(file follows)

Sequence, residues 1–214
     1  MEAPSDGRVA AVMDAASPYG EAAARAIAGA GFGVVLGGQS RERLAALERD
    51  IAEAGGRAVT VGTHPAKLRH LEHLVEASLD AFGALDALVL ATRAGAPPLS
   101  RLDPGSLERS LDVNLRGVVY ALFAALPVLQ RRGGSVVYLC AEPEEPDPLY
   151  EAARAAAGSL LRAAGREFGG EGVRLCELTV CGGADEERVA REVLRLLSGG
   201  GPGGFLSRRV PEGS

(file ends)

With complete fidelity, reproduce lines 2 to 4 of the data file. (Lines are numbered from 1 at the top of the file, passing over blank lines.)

     1  MEAPSDGRVA AVMDAASPYG EAAARAIAGA GFGVVLGGQS RERLAALERD
    51  IAEAGGRAVT VGTHPAKLRH LEHLVEASLD AFGALDALVL ATRAGAPPLS
   101  RLDPGSLERS LDVNLRGVVY ALFAALPVLQ RRGGSVVYLC AEPEEPDPLY